March 28, 2014 00:00
By Kingsley Wijayasinha
This Aston Martin division doesn't equip your vehicle with machine guns or ejector seats found in 007's car, but offers you a range of exquisite paints, leathers, veneers and special materials that individualise your Aston and give it special character
Mention the letter “Q” and the picture that jumps to mind is the lovely, wise old Englishman responsible for developing the latest gadgetry for Bond, James Bond.
But in reality, Q isn’t just a character played mostly by Desmond Llewelyn. "Q" actually does exist -- representing the bespoke division of Aston Martin, the British sports car maker that has long been associated with 007. Okay, so we won’t be seeing machine guns, ejector seats or the good old trustworthy oil-slick dispensers being offered by Aston Martin’s Q Division, but what you can experience is a range of exquisite paints, leathers, veneers and other special materials that help truly personalise your Aston Martin.
Matthew Bennett, who is general manager of VIP and Q of Aston Martin Sales, recently jetted into Bangkok to introduce the special division to Thai customers at the Bangkok International Motor Show.
According to Bennett, possibilities are indeed endless with Q, which unlike BMW’s M Division and AMG of Mercedes-Benz, is not involved with performance but “individualisation”.
“There’s no catalogue – we start with just a clean sheet of paper,” Bennett put it succinctly. “We ask the customer what they want to express. It could be the copying of a theme or to bring out something that they did in the past. We ask the customer about their inspiration and it could be another car, a piece of clothing, a yatch, or even a stealth plane,” he said.
Of the 4,200 Aston Martins sold last year, about 200 got the Q treatment.
“We want to maintain the rarity of Q and keep it an exclusive club,” he said matter-of-factly, citing Aston Martin customers as collectors of rare objects. “What most customers are concerned about is the value of the car, not the cost. We start the conversation by asking customers what they want to put in to make it their car.”
This is the first time that a Q car is being displayed in Thailand and Bennett is confident it will fit in perfectly at the Aston Martin booth. While the largest market for Q is the United States, there has been a rise in the number of customers in other regions, particularly China and the Asia-Pacific.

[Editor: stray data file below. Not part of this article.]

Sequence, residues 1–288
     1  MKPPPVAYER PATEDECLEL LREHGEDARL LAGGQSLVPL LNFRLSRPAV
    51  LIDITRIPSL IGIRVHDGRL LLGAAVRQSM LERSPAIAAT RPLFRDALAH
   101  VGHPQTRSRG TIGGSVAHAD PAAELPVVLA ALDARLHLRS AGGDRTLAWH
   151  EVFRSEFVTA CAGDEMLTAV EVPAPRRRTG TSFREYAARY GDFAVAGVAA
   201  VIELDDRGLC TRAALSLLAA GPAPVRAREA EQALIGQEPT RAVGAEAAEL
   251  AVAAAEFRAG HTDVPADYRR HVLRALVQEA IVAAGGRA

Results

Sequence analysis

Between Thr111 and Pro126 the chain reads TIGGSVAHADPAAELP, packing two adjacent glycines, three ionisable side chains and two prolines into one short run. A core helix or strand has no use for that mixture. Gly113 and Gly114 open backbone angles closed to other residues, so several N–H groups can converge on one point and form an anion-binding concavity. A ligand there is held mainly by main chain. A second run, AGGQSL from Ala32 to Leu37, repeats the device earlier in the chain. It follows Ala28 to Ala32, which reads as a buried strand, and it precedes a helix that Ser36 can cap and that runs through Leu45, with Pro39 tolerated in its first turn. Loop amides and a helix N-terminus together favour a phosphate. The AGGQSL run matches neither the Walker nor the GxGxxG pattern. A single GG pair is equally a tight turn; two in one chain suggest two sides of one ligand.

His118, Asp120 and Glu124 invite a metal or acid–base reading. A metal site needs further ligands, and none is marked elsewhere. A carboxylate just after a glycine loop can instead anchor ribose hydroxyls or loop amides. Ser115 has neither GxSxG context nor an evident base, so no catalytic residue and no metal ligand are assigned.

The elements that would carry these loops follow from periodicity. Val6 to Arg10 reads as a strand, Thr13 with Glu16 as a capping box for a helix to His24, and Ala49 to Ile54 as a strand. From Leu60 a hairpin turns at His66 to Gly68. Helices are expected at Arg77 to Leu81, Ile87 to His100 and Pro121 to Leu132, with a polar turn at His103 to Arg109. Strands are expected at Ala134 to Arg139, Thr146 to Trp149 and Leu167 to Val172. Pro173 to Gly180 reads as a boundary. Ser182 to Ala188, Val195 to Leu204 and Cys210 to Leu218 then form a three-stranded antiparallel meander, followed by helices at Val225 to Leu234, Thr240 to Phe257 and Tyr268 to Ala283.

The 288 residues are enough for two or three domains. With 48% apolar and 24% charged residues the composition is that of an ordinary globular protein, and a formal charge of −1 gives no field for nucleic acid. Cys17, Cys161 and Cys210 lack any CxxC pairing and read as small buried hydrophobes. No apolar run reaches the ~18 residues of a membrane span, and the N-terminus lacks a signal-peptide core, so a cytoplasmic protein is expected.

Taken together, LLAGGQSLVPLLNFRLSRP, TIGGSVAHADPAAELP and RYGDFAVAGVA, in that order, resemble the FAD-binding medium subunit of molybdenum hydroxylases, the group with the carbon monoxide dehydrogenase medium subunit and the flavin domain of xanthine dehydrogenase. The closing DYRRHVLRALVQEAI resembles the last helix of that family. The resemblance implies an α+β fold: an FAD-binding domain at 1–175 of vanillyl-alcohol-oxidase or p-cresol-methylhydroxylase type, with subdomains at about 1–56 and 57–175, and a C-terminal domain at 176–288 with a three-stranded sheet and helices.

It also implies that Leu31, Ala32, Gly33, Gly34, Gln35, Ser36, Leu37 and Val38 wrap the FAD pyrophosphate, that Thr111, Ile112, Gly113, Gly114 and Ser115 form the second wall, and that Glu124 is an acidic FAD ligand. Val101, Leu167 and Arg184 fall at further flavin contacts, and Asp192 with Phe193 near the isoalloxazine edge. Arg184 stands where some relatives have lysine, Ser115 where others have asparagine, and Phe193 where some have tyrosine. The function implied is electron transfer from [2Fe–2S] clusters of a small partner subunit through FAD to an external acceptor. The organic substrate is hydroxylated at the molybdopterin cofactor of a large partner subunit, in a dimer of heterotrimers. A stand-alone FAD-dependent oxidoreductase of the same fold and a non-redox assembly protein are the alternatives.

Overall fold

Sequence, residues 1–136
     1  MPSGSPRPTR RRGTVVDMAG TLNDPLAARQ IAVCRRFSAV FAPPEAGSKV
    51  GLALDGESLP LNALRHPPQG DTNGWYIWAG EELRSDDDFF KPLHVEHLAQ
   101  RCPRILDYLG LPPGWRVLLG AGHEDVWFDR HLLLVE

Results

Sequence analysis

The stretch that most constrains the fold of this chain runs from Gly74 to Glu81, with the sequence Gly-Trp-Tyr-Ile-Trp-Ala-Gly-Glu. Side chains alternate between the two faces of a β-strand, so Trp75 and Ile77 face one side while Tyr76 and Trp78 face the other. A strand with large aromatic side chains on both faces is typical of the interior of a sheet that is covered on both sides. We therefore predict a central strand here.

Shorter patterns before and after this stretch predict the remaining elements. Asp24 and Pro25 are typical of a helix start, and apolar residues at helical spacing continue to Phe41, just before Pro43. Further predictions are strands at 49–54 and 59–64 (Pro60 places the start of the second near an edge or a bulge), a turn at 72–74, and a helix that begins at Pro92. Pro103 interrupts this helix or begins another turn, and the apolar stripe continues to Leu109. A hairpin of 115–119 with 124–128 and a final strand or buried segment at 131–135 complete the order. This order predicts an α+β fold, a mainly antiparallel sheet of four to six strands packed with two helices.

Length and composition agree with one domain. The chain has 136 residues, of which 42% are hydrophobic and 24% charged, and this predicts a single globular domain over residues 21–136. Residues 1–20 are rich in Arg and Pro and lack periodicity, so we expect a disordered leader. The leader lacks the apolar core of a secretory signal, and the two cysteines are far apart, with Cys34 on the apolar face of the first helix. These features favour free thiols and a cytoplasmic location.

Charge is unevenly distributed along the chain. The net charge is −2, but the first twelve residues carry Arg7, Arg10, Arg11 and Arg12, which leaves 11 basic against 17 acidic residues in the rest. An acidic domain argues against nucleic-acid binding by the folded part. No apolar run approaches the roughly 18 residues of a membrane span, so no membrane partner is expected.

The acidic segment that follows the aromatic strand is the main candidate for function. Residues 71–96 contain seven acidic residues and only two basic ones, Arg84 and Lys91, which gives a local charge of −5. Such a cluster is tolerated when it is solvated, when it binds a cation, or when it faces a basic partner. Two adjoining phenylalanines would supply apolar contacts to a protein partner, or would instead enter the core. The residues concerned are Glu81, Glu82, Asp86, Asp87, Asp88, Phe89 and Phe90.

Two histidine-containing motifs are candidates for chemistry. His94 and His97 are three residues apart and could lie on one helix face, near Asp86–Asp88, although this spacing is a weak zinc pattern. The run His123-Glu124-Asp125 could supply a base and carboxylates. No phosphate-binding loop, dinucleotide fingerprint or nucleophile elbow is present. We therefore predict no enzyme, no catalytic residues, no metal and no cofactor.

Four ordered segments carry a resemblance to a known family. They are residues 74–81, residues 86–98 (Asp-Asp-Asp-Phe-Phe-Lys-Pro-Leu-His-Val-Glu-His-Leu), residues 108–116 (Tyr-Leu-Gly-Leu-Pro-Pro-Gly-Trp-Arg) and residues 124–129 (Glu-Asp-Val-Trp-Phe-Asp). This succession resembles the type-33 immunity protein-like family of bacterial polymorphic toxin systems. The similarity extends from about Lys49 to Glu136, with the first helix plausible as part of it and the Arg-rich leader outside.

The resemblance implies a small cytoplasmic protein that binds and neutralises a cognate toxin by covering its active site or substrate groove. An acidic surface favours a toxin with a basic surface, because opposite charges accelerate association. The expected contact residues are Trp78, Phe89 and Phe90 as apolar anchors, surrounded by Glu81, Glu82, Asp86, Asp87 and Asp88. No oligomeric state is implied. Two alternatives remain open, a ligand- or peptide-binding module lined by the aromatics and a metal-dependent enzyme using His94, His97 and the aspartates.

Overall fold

“This is one of the reasons why we are here in Thailand right now,” he said.
Bennett said with Q, customers must think that they are working with an artist.
“Commissioning cars from us is like giving an artist a number of instructions to carry out. For example, you might want a horse theme, or want to change particular items in the car. And the end of that process does not come when the car is finished because it starts a new project for our designers, who go on to the next model,” he said. “How cool is it to suddenly get a phone call from Aston Martin’s design director asking about your car?”
The Q process starts from the assembly stage and although it takes about three months to build a car with considerable personalisation, it could take up to nine whole months in some cases.
“Some types of patterns and designs can only be carried out with hand spraying as robots are unable to paint changing shades of colours,” he pointed out.
To start with, an Aston Martin isn’t a cheap car, so personalising one definitely isn’t.
Bennett said there are no price quotes, since much of the work is not going to be repeated due to its exclusivity. However, you can start as low as US$1,000 (Bt32,500), for example, to have the tip of the gearshift paddle painted in a colour of your choice.
According to Bennett, customers in general normally pay up to an extra $15,000 to personalise their cars, but at Q that price can easily triple. “There isn’t a catalogue for customers to pick items from, but we show them samples of what we can do to their cars. After they go through the samples they have a better idea of what they want,” he said.
Bennett flourished a large book containing samples of what Aston Martin customers had asked Q to do to personalise their cars.
You can check out the Q car on display at the Bangkok Motor Show. It is a V12 Vantage S in Arctic White featuring sports seats with Alcantara upholstery and red carbon-fibre fittings.